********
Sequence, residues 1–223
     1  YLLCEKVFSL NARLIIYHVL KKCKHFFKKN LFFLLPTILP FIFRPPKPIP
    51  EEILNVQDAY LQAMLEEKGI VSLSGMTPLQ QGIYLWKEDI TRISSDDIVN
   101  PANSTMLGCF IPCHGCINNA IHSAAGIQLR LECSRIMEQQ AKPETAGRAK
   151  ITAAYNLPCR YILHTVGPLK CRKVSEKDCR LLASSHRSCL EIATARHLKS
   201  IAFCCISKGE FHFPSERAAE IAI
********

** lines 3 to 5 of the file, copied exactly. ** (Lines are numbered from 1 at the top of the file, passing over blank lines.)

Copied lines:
    51  EEILNVQDAY LQAMLEEKGI VSLSGMTPLQ QGIYLWKEDI TRISSDDIVN
   101  PANSTMLGCF IPCHGCINNA IHSAAGIQLR LECSRIMEQQ AKPETAGRAK
   151  ITAAYNLPCR YILHTVGPLK CRKVSEKDCR LLASSHRSCL EIATARHLKS